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Publication numberUS20040139161 A1
Publication typeApplication
Application numberUS 10/476,452
PCT numberPCT/SG2001/000145
Publication dateJul 15, 2004
Filing dateJul 10, 2001
Priority dateMay 9, 2001
Also published asWO2002091101A2, WO2002091101A3
Publication number10476452, 476452, PCT/2001/145, PCT/SG/1/000145, PCT/SG/1/00145, PCT/SG/2001/000145, PCT/SG/2001/00145, PCT/SG1/000145, PCT/SG1/00145, PCT/SG1000145, PCT/SG100145, PCT/SG2001/000145, PCT/SG2001/00145, PCT/SG2001000145, PCT/SG200100145, US 2004/0139161 A1, US 2004/139161 A1, US 20040139161 A1, US 20040139161A1, US 2004139161 A1, US 2004139161A1, US-A1-20040139161, US-A1-2004139161, US2004/0139161A1, US2004/139161A1, US20040139161 A1, US20040139161A1, US2004139161 A1, US2004139161A1
InventorsJin Loh
Original AssigneeLoh Jin Feei
Export CitationBiBTeX, EndNote, RefMan
External Links: USPTO, USPTO Assignment, Espacenet
Distribution of digital content
US 20040139161 A1
Abstract
Advertisements are distributed by embedding them in a computer program and e-mailing the program to a user. When the program is run, it requests consent from the user to send a copy of itself to the user's contracts, such as those found in the user's local address book. On receiving consent, the program automatically mails itself to those contacts directly or via a remote server. The process is repeated at the contacts, allowing the advertisements to spread efficiently while maintaining the legitimacy that arises from each user's consent.
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Claims(33)
1. A method of distributing digital content via an electronic mail system, the content being associated with an executable program received by a first recipient, the method comprising the steps of:
requesting consent from the first recipient to make the program available to a second recipient; and
in the event that consent is given, making the program available to the second recipient.
2. A method according to claim 1, wherein the step of making the program available comprises sending a copy of the program from the first recipient to the second recipient via the electronic mail system.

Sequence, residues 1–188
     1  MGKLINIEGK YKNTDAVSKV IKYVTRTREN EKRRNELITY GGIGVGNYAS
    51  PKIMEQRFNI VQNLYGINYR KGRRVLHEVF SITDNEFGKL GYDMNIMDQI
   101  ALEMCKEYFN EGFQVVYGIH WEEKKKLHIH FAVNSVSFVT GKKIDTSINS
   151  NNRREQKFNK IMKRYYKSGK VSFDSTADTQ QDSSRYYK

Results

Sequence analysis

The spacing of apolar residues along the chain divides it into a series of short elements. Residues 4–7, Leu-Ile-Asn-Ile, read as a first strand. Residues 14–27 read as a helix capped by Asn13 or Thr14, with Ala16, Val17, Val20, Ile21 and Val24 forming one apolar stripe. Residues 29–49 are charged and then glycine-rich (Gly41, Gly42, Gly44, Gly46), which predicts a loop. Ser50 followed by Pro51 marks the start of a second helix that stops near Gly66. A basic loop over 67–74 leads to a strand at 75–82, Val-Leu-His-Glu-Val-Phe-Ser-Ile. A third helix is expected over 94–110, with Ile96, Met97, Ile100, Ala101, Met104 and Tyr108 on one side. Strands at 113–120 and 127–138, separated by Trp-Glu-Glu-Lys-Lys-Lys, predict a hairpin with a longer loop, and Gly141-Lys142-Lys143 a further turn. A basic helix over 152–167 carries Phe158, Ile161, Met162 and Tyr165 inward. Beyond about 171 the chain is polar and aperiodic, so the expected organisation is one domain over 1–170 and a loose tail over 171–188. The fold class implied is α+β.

3. A method according to claim 1, wherein the step of making the program available comprises sending a link to a location from which the program is available from the first recipient to the second recipient via the electronic mail system.
4. A method according to claim 3, wherein the link comprises a website address.
5. A method according to claim 1, including sending information identifying the program from the first recipient to a remote computer, from where it is made available to the second recipient.
6. A method according to claim 5, wherein the step of making the program available comprises sending a copy of the program from the remote computer to the second recipient via the electronic mail system.
7. A method according to claim 5, wherein the step of making the program available comprises sending a link to a location from which the program is available from the remote computer to the second recipient via the electronic mail system.
8. A method according to claim 6 or 7, including the step of sending information identifying the first recipient from the remote computer to the second recipient.
9. A method according to any one of the preceding claims, wherein the step of requesting consent is performed by the program during its execution.
10. A method according to any one of the preceding claims, comprising amending the functionality of the program in dependence on the outcome of the request for consent.
11. A method according to claim 10, comprising reducing the functionality of the program in the event that consent to making the program available is refused.
12. A method according to any one of the preceding claims, wherein the digital content is embedded in the executable program.
13. A method according to any one of claims 1 to 12, wherein the program includes a link to the digital content.
14. A method according to claim 13, wherein the link comprises a website address.
15. A method according to any one of the preceding claims, including displaying the digital content to the user on execution of the program.
16. A method according to any one of the preceding claims, including identifying the second recipient from contact details held by the first recipient.
17. A method according to claim 16, comprising retrieving the contact details by scanning an address book stored by the first recipient.
18. A method according to claim 16, comprising retrieving the contact details by scanning for valid e-mail addresses.
19. A method according to any one of claims 1 to 15, including requesting the first recipient to provide contact details for the second recipient to identify the second recipient.